Forensics team second at state

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The Forensics team had one of the most successful performances in Marshfield history at the OSAA Speech and Debate tournament this year. The team received four awards, with senior Quinn Earle earning the four-year award, senior Mackenzie Stueve placing third in expository speaking and junior April Platt placing first in after dinner speech (ADS) and the team placing second overall. Earle said the team had high expectations for the state tournament, and while she described it as a rocky and exhausting journey, she said it was well worth it to be awarded with the second place trophy.

“I’m blown away. I’ve been waiting for this moment since freshman year. I've been to the state tournament for four years and I'm one of the only seniors here at Marshfield that can really say that,” Earle said. “It's definitely an exciting moment.”

According to Earle, the team would not have had the success they did without head coach Kayla Crook.

“She made us practice constantly. If we hadn't listened to coach none of us would've made it to the second day [of the tournament],” Earle said. “She is definitely there for us when we need it.”

Despite receiving a state championship award, Platt said she was not confident with her piece upon entering the tournament.

“When I first went to the tournament I was incredibly insecure about my piece and my performance abilities,” Platt said. “I got into that final round and some people came with me and for some reason, I don’t know, I guess I just projected more because I got really good scores and I performed live. Just finding out that I won was so confusing because I spent the whole tournament feeling like I didn’t even deserve to be there. It was just a very good experience.”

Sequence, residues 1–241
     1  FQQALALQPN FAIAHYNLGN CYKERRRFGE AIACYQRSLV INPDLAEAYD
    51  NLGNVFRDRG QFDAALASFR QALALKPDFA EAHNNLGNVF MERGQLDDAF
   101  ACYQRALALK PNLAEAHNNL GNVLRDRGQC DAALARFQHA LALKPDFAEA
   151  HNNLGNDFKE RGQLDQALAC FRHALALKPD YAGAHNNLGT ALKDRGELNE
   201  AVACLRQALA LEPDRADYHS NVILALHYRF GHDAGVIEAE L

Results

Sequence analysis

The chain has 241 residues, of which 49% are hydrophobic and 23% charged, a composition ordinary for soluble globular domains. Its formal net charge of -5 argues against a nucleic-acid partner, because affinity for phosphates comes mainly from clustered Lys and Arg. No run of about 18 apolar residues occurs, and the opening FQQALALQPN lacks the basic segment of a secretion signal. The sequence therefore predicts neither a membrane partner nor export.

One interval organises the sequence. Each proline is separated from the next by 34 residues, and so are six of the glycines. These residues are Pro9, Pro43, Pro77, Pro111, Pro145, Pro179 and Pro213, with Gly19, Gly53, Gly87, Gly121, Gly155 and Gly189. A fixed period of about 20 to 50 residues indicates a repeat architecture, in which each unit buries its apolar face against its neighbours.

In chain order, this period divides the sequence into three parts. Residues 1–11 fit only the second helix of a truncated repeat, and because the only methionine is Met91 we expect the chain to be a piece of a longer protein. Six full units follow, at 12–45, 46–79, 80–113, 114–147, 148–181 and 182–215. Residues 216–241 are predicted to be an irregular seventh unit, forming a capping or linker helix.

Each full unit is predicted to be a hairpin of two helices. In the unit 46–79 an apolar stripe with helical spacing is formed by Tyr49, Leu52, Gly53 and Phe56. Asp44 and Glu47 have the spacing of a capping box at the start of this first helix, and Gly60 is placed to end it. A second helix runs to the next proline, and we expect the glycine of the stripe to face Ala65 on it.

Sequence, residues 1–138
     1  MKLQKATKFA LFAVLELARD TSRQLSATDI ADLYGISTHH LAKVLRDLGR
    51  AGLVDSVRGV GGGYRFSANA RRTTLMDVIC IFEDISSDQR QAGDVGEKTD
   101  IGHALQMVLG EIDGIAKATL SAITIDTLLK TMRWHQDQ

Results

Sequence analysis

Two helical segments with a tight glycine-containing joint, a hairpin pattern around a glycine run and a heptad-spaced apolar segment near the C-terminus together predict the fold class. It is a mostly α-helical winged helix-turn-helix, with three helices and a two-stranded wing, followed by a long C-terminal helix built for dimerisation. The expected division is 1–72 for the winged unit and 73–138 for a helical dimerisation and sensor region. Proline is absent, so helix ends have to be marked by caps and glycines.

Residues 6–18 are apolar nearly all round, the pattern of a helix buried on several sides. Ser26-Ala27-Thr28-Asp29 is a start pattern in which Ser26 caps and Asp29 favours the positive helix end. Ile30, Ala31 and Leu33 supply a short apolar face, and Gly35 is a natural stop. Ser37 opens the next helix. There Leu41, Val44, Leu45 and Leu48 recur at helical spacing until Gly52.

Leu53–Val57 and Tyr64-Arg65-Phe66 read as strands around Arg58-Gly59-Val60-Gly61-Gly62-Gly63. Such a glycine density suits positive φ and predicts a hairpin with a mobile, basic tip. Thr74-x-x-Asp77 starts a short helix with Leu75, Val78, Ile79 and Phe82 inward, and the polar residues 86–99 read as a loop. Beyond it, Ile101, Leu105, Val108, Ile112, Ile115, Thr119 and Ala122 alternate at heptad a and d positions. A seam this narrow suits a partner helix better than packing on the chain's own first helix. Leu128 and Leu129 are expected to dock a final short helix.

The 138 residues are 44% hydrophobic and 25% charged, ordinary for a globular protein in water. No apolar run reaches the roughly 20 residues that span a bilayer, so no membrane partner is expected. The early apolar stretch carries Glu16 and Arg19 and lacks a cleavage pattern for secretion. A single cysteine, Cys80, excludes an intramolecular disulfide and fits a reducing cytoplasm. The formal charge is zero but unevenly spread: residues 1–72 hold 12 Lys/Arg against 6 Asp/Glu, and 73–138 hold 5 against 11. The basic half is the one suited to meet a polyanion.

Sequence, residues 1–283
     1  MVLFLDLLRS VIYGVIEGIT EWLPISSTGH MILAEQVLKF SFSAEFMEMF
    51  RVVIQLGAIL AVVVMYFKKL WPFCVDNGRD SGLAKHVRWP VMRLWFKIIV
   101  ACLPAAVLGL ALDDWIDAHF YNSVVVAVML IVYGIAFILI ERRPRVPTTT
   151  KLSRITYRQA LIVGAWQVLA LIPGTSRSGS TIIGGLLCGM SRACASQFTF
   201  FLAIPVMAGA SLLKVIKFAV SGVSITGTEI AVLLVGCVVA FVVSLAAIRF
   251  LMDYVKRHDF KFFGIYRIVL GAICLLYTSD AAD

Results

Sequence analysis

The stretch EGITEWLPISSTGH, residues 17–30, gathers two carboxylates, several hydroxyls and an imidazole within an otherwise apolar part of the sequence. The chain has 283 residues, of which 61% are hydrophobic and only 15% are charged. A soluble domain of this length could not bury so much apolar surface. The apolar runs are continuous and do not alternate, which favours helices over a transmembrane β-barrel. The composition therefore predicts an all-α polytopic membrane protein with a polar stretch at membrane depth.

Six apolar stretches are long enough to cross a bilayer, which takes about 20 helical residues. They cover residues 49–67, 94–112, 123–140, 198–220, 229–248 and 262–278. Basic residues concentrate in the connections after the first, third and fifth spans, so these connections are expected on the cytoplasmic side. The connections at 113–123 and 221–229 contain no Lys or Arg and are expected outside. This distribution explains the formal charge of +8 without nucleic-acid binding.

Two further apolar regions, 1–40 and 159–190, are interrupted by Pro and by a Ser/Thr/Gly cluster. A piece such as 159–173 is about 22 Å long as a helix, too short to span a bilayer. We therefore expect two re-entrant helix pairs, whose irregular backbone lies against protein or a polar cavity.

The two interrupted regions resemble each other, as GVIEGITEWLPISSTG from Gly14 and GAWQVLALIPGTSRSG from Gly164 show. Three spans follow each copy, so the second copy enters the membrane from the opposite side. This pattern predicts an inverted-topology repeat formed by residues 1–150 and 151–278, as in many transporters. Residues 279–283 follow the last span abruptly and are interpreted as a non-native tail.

Platt said the support of her team was comforting.

“The constant support they showed me and their enthusiasm over me making it to state and making it to semifinals and performing on the stage in front of 500 people, it just really helped me through it. It made me believe my ADS was worth something or someone might want to hear it,” Platt said.

Prior to the tournament, Crook said she hoped for a trophy, but it was important for the students to instill a competitive attitude in the program nevertheless.

“Obviously every coach wants their team to win, but what is important to me and Mr. Scheirman is that Marshfield stays on the map for speech and debate,” Crook said.

Earle said what the team accomplished this year has never occurred at Marshfield before.

“This is the first time in history Marshfield High School has ever won second place at the state tournament. This is the highest we have ever been, so we just made history,” Earle said. “It’s really exciting and I’m so glad we can say that.”

For some students, this is not the end of speech and debate for the school year.

From July 12 to 17, seniors Anya Caro-Wiley, Earl and Stueve and junior Rachel Simon will attend the National Speech and Debate Tournament in Salt Lake City, Utah.

According to Crook, the national competition is completely separate from the state competition. Students earned a spot in the national tournament by placing first or second in the National Qualifying tournament (nat quals) held at the University of Oregon in March.

“Nat quals is part of the National Speech and Debate Association (NSDA),” Crook said. “It’s an honor society each of the kids receives a membership for after receiving a certain amount of points.”

These points are awarded based on performance at every tournament through the duration of the school year. When one receives 25 points, they are awarded with an NSDA membership of merit and are able to compete at nat quals.